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Posts Tagged ‘Corruption’

HowTo: Use DISM and SFC tools to check+fix your Windows installation

If you’re having issues with your Windows 7 or newer, you should consider whether its installation has become corrupted (due to malicious software or hard drive errors).

After doing a disk check (say by right clicking the appropriate drive under my computer and selecting Properties, then Tools tab and Error checking) and a complete virus scan (on Win10 you can click the shield icon of Windows defender in the taskbar tray and at scanning options choose to do a full scan – or if you have installed some third-party antivirus double-click its icon in the taskbar tray and when its GUI opens up opt to do a full scan), then try the following steps to repair your Windows installation:

1. Press WIN+R to open Run dialog

2. Type in:

CMD

Hold down CTRL+SHIFT keys and click OK to open the command line window in Administrator mode (do press Yes at the User Account Control prompt)

A (usually) black text-based console window will open up and you’ll be greated with something like:

Microsoft Windows [Version 10.0.18363.720]
(c) 2019 Microsoft Corporation. All rights reserved.

and then a prompt like:

C:\Windows\system32>

3. Type in the following and press the ENTER key:

DISM.exe /Online /Cleanup-image /Scanhealth

and press ENTER to execute the DISM tool with the option to check the windows image health and wait patiently for it to complete

Deployment Image Servicing and Management tool
Version: 10.0.18362.1

Image Version: 10.0.18363.720

[==========================100.0%==========================] The component store is repairable.
The operation completed successfully.

4. In case you see a message that the component store is repairable, then when greeted with the C:\Windows\system32> prompt again, type in the following and press ENTER:

DISM.exe /Online /Cleanup-image /RestoreHealth

to repair the Windows image:

Deployment Image Servicing and Management tool
Version: 10.0.18362.1

Image Version: 10.0.18363.720

[==========================100.0%==========================] The restore operation completed successfully.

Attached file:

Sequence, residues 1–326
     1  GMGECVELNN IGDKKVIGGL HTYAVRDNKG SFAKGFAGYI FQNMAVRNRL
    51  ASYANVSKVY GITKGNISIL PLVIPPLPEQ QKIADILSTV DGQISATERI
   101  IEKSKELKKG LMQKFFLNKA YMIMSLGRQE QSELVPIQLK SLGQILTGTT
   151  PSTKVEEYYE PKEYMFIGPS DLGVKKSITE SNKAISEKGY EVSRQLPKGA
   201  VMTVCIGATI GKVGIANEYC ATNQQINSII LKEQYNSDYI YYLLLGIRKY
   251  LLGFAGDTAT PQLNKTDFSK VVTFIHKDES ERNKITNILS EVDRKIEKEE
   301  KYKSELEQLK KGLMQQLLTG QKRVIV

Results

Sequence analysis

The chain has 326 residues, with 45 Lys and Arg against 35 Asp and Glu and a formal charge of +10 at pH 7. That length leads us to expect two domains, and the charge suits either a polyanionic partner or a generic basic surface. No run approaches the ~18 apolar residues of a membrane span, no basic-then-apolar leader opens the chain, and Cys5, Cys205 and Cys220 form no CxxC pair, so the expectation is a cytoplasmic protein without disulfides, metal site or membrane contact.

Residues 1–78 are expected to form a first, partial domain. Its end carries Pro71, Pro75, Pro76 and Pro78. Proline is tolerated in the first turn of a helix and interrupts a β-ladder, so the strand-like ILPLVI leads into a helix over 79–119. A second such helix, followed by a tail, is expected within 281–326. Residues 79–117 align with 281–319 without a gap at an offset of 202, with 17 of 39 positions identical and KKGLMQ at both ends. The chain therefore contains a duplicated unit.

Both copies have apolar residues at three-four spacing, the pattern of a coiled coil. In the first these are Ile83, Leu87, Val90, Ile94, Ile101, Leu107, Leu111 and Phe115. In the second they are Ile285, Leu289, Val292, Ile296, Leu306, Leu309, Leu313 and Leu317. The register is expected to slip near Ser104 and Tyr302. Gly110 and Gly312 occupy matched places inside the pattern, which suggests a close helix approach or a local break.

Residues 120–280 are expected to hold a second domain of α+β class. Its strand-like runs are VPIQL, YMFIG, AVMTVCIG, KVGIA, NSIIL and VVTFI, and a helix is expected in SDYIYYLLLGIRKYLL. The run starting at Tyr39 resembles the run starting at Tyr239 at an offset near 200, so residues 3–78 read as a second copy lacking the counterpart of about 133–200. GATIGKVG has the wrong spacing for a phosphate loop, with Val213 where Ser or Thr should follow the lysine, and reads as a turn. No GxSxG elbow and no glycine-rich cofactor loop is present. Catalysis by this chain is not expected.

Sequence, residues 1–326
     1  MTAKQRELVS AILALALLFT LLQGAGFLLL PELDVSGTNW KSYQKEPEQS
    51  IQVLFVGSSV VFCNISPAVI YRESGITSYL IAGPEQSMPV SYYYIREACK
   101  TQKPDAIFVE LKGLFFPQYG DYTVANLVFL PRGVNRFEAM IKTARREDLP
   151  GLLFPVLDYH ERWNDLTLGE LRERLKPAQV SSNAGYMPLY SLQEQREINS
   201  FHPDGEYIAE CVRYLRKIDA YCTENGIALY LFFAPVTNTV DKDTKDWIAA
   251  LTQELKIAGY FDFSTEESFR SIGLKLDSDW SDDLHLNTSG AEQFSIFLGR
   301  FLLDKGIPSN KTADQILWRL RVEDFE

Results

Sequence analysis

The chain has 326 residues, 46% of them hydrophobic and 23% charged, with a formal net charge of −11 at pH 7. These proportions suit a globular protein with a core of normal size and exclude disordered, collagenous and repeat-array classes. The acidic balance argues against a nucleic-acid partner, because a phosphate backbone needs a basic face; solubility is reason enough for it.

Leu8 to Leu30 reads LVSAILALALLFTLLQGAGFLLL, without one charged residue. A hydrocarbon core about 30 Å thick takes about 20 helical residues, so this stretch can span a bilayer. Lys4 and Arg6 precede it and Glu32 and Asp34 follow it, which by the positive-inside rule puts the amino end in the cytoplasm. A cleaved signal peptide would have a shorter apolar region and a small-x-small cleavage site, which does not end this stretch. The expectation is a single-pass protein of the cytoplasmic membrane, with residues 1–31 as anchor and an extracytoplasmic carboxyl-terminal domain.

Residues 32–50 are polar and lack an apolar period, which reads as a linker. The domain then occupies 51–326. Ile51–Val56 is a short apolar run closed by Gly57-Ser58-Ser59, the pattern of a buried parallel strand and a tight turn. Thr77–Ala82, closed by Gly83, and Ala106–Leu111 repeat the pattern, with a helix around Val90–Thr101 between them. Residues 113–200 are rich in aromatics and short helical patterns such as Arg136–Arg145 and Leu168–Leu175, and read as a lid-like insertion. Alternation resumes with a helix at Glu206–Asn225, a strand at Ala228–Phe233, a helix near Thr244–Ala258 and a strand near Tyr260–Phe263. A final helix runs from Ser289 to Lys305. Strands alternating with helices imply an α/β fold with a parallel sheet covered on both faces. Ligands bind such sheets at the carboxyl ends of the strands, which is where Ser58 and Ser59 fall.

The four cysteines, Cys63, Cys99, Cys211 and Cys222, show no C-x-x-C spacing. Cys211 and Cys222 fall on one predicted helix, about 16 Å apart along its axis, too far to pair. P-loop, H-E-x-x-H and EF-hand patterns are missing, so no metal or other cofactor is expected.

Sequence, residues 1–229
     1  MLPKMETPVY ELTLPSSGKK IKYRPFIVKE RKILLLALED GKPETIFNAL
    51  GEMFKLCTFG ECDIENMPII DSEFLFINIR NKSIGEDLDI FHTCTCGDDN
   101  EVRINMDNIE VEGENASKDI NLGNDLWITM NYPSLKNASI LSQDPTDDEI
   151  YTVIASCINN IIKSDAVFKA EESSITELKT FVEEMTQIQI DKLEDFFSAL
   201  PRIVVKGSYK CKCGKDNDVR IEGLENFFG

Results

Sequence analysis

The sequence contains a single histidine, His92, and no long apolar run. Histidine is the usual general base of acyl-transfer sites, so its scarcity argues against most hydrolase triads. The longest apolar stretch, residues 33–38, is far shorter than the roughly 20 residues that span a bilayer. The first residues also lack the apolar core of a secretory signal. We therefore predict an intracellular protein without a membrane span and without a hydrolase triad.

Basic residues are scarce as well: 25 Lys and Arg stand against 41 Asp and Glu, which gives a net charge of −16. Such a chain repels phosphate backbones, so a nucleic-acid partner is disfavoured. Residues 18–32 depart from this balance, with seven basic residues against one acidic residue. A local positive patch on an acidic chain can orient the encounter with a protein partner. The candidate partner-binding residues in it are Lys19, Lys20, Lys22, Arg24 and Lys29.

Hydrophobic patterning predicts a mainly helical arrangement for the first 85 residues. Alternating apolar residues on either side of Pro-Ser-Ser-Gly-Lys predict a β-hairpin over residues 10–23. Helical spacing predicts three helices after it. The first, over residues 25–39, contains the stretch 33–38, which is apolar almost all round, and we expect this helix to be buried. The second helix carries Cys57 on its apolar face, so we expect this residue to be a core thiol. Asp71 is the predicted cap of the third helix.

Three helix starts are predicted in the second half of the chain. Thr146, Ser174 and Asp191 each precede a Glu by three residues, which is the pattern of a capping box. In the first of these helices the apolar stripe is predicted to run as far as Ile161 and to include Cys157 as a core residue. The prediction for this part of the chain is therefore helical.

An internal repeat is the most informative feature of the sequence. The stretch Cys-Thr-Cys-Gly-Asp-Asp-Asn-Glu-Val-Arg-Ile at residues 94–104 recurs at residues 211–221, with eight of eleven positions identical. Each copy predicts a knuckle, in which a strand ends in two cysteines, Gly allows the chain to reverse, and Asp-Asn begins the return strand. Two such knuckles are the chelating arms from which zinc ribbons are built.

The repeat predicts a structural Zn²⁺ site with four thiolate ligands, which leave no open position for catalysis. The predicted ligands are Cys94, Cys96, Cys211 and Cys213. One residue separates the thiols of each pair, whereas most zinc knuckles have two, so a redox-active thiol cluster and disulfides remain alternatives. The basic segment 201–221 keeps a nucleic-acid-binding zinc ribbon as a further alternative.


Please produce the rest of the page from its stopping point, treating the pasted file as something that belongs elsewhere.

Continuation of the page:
The operation completed successfully.

If RestoreHealth fails and you’re on Windows 10, then you should checkout this article:

https://www.tenforums.com/tutorials/16397-repair-install-windows-10-place-upgrade.html

on how to do an in place upgrade of Windows 10, opting to keep your settings and apps

5. If all goes well you’ll see that the restore operation completed successfully and you’ll be taken again to the command-line prompt C:\Windows\system32>

Now that the windows image is checked and fine, you should check your Windows installation against that image, giving the following command and pressing ENTER:

sfc /scannow

Beginning system scan.  This process will take some time.

Beginning verification phase of system scan.
Verification 100% complete.

Windows Resource Protection found corrupt files and successfully repaired them.
For online repairs, details are included in the CBS log file located at
windir\Logs\CBS\CBS.log. For example C:\Windows\Logs\CBS\CBS.log. For offline
repairs, details are included in the log file provided by the /OFFLOGFILE flag.

After any automatic repairs you should see the prompt C:\Windows\system32> again. Now repeat the same step till you see no more errors found and repaired.

sfc /scannow

Beginning system scan.  This process will take some time.

Beginning verification phase of system scan.
Verification 100% complete.

Windows Resource Protection did not find any integrity violations.

When back at the C:\Windows\system32> prompt with no errors found and repaired, just close the console window or type in the following and press ENTER:

exit

Fix: Acer Aspire One (AS1) ZG5 blank screen at startup

Seems Acer Aspire One (AS1) ZG5 can have a recurring problem, esp. if its battery is near its end of life. If it shuts down abruptly its BIOS settings seem to get corrupted and its BIOS instead of discarding them seems to freeze.